A few years ago, I was in a book club and one of the books we read was The Geography of Bliss by Eric Weiner. Weiner travels the world to 10 different countries in search of the happiest places in the world. He seeks out a Dutch professor, Ruut Veenhoven, who runs the World Database of Happiness (WDH) in Rotterdam to examine his research. As I was going through the book this evening, I stopped at a few pages I had earmarked. One of these contained the findings that Weiner noted from Rotterdam (with the thoughts I had as I was reading):
“Extroverts are happier than introverts (well at least they look it); optimists are happier than pessimists (duh); married people are happier than single people (well, that’s just great for me); though people with children are no happier than childless couples (? Maybe that’s due to a lack of sleep?); republicans are happier than democrats (ok one in my favor); people who attend religious services are happier than those who do not (amen!); people with college degrees are happier than those without (so my piece of paper includes happiness? Awesome!), though people with advanced degrees are less happy than those with just a BA (MAcc and CPA- nevermind I retract my previous statement); people with an active sex life are happier than those without (no comment); women and men are equally happy; though women have a wider emotional range (see, it’s not just me, this is fact people!); having an affair will make you happy but will not compensate for the massive loss of happiness that you will incur when your spouse finds out and leaves you (thanks Hollywood for proving this one); people are least happy when commuting to work (reason #1 for why I live 5 miles from work ); busy people are happier than those with too little to do (ha! Maybe that’s because we are too busy to realize we could be relaxing on a beach with a book and fruity drink); wealthy people are happier than poor ones, but only slightly (thanks for the added clarification).
One of Wiener’s last comments in the book are “Our happiness is completely and utterly intertwined with other people: family and friends and neighbors and the woman you hardly notice who cleans your office. Happiness is not a noun or a verb. It’s a conjunction. Connective tissue.” <– sometimes the happiest person I see all day is that lady who takes my office trash! True Story.
I found this book intriguing yet obvious, funny yet insightful and now I want to travel.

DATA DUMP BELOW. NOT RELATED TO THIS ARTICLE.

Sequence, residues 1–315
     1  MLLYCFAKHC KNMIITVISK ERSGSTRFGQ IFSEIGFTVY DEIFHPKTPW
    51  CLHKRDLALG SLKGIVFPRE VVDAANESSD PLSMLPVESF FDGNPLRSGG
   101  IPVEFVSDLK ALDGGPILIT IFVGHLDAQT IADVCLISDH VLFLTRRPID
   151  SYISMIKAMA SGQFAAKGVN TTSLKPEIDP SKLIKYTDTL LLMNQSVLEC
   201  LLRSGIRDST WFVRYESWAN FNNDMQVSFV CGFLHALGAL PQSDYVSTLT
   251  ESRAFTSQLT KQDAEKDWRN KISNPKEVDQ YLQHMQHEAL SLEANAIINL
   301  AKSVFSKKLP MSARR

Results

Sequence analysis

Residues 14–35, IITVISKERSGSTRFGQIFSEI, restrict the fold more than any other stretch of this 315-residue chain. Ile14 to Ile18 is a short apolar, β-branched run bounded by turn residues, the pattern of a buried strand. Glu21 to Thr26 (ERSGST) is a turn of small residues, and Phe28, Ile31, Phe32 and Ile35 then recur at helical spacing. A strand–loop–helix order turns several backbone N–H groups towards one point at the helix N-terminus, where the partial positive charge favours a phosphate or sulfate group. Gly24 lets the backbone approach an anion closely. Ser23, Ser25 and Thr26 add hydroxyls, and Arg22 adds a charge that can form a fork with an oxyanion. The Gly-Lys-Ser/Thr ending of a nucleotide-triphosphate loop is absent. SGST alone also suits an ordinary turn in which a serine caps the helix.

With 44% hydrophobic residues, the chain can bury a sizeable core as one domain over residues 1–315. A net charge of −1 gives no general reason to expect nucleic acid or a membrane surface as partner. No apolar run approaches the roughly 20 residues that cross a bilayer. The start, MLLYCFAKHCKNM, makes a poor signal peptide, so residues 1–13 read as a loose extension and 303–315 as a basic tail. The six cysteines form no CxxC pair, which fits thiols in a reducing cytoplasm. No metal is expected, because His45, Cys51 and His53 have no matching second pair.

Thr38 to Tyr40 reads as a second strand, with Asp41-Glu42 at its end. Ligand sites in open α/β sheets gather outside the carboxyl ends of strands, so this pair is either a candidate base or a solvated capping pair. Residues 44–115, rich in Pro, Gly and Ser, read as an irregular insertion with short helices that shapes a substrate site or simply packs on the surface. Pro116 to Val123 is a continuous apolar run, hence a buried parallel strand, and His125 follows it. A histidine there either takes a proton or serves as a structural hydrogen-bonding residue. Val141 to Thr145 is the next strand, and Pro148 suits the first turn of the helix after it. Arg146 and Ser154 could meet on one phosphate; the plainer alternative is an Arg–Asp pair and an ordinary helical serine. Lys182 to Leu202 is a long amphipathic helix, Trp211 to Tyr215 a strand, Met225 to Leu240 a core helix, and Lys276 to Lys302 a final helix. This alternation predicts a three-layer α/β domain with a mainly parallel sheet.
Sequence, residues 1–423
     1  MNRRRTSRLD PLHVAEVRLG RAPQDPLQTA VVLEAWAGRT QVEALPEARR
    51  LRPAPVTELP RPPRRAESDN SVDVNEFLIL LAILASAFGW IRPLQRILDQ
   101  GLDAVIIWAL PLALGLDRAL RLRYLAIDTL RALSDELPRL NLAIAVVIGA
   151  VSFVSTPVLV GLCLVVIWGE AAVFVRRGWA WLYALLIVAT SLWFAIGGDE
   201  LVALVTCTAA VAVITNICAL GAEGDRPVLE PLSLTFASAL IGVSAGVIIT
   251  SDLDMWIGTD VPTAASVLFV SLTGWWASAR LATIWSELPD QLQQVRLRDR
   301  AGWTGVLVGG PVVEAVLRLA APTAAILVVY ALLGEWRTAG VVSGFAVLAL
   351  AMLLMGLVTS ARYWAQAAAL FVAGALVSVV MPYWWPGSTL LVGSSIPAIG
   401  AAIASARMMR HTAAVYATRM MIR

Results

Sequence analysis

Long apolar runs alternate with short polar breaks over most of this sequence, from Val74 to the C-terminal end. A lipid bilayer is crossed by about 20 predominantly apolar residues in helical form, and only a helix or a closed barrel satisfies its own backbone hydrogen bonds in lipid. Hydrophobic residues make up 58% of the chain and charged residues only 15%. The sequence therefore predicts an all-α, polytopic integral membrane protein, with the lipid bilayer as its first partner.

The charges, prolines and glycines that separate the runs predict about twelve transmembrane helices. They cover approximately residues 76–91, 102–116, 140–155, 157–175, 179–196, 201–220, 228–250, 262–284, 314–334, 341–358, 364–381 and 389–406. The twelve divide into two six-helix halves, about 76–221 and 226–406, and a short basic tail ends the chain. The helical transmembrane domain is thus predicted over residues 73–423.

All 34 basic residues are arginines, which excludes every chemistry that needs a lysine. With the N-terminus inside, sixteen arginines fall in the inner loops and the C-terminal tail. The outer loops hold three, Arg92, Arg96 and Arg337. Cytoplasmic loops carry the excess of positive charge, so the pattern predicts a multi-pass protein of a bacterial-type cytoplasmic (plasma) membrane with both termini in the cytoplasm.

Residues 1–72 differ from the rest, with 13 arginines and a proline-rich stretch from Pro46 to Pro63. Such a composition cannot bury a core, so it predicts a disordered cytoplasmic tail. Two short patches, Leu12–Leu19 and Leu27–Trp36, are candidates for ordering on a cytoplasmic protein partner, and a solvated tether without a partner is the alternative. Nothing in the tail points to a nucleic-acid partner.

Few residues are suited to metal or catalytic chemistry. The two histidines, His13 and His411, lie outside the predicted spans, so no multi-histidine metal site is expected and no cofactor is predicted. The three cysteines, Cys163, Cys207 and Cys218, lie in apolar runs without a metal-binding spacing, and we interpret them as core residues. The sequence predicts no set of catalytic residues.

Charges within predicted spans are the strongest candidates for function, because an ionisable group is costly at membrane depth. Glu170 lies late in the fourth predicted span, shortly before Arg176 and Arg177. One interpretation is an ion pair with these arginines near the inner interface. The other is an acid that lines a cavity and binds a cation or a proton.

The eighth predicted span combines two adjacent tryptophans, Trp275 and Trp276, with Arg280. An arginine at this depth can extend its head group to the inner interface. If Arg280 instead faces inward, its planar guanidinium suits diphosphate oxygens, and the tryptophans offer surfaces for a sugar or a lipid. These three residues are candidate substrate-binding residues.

Fast forward to this past weekend and I started a new book called The Year of Living Danishly by Helen Russell. Russell is witty. I found myself laughing even in the intro and I wanted to read more. (Which is something I rarely say!) Russell shares the journey of moving her life from London to Denmark because her husband (referred to as Lego Man) landed a job with Legoland and she spends one year committed to living a Danishly- I don’t quite know what that means yet, but I’m soon to find out!
So what does The Geography of Bliss and The Year of Living Danishly have in common? I thought you’d never ask! According to the WDH, Denmark is ranked #1 among 155 nations as having the highest level of “inequality adjusted happiest” which “is measured as a linear combination of the mean and the standard deviation of the distribution of happiness in a nation.” Essentially if everyone in the country was completely happy, the country could score 100. Denmark ranks #1. Take away the technical, mathematical calculation, and I’m pretty sure we can summarize it as the Danes are pretty happy.
Russell knew this as well and set out on a journey to uncover why the Danes are so happy and how she might in turn, become happier by living Danishly. What’s their secret and how happy do they consider themselves??
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Since I really have enjoy this book so far, and have an interest in Danish living, I’m going to embark on my own journey – to learn why and how Denmark is so happy and see if I can incorporate Danish living in the US.
I’m going to call this The Denmark Challenge. Each month I will read and study a new chapter in this book, learn and adapt. The book is broken into 12 chapters, one for each month of the year. I’ll share what I’ve learned and how I’m “living Danishly in America” My hope is that I leave this challenge with much more knowledge of Denmark (not going to lie- I wasn’t even exactly sure where it was on the map) and a full embrace of happiness, which might be the Danish way of happiness, but only time will tell.
I’ll leave each post with a few Facts About Denmark and Living Danishly that I’ve gathered so far in the book and other research. I hope you take this journey with me to “Living Danishly.”
Facts About Denmark
- Legoland is in Denmark (some of the hotel rooms are themed and built legos – oh to be child-like again – that must be the key to happiness?!)
- Denmark has 5.6 million people
- Denmark is a progressive society
- Danes tend to look a lot alike- tall blondes (great, just great – dying my hair will not, I repeat, will not make me happy – no year-long test needed for that one)
- Christian Bjornskov is Denmark’s happiness economist- look him up later
- “mere penge, mere problemer.” translate
- They are happy because their high expectations are realistic
- More than 70% of Danes believe most people can be trusted – wow. Just wow.
PS – After writing this, I now have Bob Marley’s “Everything’s gonna be alright” in my head… okay – not sure what Denmark and Bob Marley have in common but these are nice tunes to jam to as I’m getting ready for bed.
god nat [gohNAT] (good night)